In Patan – one of the three ancient cities in the Kathmandu Valley – Swotha is a 70-year-old family residence that opened as a seven-room hotel in January. The minimalist rooms have concrete floors, king-size beds dressed in soft raw cotton, balconies and compact en suites. A breezy rooftop courtyard and ground-floor tapas bar complete the picture. Swotha is the debut project of Traditional Homes, a group of hospitality professionals who are transforming old family mansions – many on the verge of collapse – into hotels, while keeping ownership with the family.

Nepal’s standard-setting jungle lodge, Tiger Tops, recently reopened Karnali Lodge on the edge of Bardia National Park in southern Nepal. The lodge’s 20 wood and rammed-earth rooms have been built with minimal impact on the environment and are powered by solar energy.

Dwarika’s, an indigenous Newari-style hotel in Kathmandu that is often cited as the city’s best, is putting the finishing touches on a boutique property in the hills of Dhulikhel, a 90-minute drive from the capital. Dwarika’s Himalayan Shangri-La has 36 simple but comfortable rooms, with wooden floors and local textiles in Newari cottages. The downside is climbing 300-odd stairs to get there – and another 150 stairs down to the restaurant; the upside is the views, stretching over the snow-capped peaks of the Langtang Mountains and Kavrepalanchok valley below.

Trekking outfitter Himalayan Encounters has opened a rural retreat overlooking the 18th-century World Heritage-listed Nuwakot Palace, a three-hour drive from Kathmandu. Called the Famous Farm, this lovely old rammed-earth and wood mansion has six rustic rooms, with another two in an annex above the kitchen. It’s a superb place to relax, though the quality is low for the price: the beds are hard, the sheets are pilled and ripped and the staff appear as though they would rather be climbing mountains.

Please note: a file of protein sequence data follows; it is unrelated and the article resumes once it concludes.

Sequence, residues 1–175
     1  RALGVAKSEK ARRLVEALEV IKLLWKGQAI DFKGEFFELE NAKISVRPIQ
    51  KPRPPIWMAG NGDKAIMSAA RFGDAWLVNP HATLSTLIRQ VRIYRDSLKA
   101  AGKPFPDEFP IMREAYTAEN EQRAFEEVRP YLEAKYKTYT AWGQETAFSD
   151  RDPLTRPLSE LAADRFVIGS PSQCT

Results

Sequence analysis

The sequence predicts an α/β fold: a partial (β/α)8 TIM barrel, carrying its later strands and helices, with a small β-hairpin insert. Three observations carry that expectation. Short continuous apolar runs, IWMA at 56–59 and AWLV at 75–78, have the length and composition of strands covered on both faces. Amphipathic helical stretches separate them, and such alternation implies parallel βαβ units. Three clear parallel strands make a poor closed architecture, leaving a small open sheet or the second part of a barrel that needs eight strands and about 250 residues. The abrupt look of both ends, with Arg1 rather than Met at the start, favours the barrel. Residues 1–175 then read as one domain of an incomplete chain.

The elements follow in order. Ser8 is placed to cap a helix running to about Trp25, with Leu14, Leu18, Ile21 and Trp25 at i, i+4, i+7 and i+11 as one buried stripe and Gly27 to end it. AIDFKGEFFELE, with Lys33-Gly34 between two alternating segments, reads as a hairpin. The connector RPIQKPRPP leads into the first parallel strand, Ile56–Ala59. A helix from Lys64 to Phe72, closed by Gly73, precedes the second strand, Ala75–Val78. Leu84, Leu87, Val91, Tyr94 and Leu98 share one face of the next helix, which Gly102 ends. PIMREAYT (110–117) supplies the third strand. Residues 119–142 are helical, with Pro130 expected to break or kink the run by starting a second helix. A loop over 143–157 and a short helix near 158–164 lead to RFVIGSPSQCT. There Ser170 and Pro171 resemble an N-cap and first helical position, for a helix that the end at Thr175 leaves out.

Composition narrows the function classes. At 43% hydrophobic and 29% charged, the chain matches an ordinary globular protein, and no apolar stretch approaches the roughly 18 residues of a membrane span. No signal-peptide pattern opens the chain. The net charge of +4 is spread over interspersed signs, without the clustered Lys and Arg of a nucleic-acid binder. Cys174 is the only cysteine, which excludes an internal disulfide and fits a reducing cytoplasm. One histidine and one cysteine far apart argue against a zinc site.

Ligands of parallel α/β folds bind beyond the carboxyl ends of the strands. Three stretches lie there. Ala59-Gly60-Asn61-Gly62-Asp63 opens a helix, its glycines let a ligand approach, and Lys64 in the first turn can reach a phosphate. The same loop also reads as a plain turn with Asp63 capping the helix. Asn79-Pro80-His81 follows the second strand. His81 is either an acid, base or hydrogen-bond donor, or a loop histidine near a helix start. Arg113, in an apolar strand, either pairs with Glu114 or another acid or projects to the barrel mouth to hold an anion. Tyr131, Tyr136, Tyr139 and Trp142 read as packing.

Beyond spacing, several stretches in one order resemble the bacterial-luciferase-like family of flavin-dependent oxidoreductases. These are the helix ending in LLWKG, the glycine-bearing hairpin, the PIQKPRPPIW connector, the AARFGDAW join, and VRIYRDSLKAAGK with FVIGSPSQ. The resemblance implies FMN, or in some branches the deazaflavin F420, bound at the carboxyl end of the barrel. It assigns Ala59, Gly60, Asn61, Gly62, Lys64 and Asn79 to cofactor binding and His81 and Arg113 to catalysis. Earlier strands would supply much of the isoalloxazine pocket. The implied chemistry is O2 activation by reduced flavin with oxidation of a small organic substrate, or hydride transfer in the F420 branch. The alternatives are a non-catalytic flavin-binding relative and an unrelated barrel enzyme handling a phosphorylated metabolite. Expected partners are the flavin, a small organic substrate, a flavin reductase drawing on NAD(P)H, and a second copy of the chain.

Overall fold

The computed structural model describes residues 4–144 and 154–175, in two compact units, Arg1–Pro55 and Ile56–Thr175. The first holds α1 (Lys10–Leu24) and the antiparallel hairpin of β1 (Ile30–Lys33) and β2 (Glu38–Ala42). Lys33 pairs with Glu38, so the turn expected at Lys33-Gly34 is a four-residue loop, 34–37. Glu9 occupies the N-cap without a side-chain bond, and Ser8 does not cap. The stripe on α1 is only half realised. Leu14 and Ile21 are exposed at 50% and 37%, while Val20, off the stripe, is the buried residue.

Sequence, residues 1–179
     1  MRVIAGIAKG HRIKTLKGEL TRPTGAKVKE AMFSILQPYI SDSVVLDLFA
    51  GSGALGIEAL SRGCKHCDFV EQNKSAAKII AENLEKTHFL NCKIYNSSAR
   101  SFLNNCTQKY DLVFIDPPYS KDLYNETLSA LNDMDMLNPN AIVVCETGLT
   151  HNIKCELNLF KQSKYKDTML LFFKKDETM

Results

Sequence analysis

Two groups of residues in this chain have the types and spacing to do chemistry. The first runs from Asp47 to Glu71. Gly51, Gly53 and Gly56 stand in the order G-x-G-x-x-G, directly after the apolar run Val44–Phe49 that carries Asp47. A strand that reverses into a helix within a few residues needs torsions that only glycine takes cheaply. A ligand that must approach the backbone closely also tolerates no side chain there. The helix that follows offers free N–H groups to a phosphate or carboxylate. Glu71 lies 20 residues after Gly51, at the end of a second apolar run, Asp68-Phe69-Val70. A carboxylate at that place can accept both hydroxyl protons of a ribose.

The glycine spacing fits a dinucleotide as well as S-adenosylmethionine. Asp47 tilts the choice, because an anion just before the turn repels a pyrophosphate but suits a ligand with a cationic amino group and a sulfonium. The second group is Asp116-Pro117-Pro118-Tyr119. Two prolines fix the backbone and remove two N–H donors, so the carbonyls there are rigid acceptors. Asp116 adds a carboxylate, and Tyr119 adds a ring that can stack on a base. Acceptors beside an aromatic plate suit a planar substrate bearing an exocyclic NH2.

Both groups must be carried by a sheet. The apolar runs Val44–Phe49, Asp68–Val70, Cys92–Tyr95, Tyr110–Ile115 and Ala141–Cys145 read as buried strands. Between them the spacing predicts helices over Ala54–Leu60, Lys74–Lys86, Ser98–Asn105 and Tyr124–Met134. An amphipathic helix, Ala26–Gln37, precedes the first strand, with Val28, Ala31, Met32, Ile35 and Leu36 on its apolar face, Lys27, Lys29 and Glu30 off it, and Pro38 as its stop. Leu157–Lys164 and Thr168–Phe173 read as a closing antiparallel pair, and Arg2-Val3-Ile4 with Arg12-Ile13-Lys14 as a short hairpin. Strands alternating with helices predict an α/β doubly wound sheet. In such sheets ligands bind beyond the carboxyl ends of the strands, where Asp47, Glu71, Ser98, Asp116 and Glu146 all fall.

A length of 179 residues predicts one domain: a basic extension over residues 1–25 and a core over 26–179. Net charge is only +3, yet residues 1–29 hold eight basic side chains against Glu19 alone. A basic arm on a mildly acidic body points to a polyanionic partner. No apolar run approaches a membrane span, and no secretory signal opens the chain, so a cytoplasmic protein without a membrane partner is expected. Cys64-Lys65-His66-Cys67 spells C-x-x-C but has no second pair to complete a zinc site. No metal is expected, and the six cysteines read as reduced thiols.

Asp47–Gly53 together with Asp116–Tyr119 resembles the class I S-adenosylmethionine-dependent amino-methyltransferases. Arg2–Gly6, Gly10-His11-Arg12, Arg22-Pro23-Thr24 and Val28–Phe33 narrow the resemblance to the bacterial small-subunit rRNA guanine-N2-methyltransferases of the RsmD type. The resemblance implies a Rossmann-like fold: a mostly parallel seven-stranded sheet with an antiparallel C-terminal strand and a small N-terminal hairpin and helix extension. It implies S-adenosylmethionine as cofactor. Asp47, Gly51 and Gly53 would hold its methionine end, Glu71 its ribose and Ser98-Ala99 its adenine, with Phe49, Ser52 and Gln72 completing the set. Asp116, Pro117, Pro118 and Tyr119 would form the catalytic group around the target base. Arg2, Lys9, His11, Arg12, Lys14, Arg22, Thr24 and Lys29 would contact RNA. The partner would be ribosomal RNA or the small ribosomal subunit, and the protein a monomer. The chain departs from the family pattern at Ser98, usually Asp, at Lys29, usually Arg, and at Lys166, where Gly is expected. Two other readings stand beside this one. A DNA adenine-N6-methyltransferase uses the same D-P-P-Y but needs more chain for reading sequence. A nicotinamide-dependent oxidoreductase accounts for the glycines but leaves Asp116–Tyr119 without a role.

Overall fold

Himalayan Encounters’ second property, the Old Inn Bandipur, excels in service. With a chirpy group of friendly staff, this rabbit-warren heritage lodge, which is popular with flashpackers, has clay-tile floors, Newari antiques and plenty of charm.

Midway between Kathmandu and the city of Pokhara, the stone one-street village of Bandipur grew wealthy as a trading hub in the 19th century for Tibetan tea, brocade and salt going to India, and for Indian silk, gemstones and rice to Tibet. Lined with splendid French and Italian-influenced mansions – popular with wealthy merchants of the day – Bandipur was almost a ghost town before being rediscovered by tour operators a few years ago. Thanks to small local companies, such as Himalayan Encounters, it’s undergoing a facelift; old mansions are being converted into small hotels and restaurants, reinvigorating the economy and providing employment.

Also on a grassroots level, the Netherlands aid agency SNV, with the Nepal government, recently finished mapping the Nepal section of the Great Himalaya Trail, a walking trail that will eventually stretch the breadth of the Himalayan mountains, covering 8000 kilometres and five countries.

For now, the trail’s focus is alleviating rural poverty through tourism. Most of Nepal’s 750,000 annual tourists come to trek in the Himalayas; more than 85 per cent of these stick to the three best-known trails: Annapurna, Everest and Langtang.

By mapping little-known trails in off-beat destinations, it’s hoped the Great Himalaya Trail will encourage travellers to explore new regions, creating jobs and income for communities along the way. Routes along the trail span all levels of skill and difficulty and have been tried, tested and categorised.

“We want to get tourists to explore beyond the established trekking areas,” an SNV tourism adviser, Paul Stevens, says. “We hope to make an asset out of Nepal’s rugged landscapes and remote and often-inaccessible mountain regions – elements that often hinder economic development.”

Staying there

Kathmandu’s Tibet International has double rooms from $US92 ($92); see

Swotha has seven double rooms in Kathmandu’s Patan neighbourhood from $US80 a night, including breakfast; see

The Famous Farm and Old Inn Bandipur have double rooms from $US98, including all meals and guided day walks; rooms with attached bathroom cost more; see

Karnali, a lodge near Bardia National Park in southern Nepal, has rooms from $US307 a person, twin share, including full board and all resort-based activities; see

The Dwarika’s Himalayan Shangri-La, near Dhulikhel, a 90-minute drive from Kathmandu, has double rooms from $US192, including breakfast; see

More information

The Great Himalaya Trail is a free portal offering trekking information and maps; see

This article appeared in the July 7, 2012 edition of the Sydney Morning Herald and Age newspapers.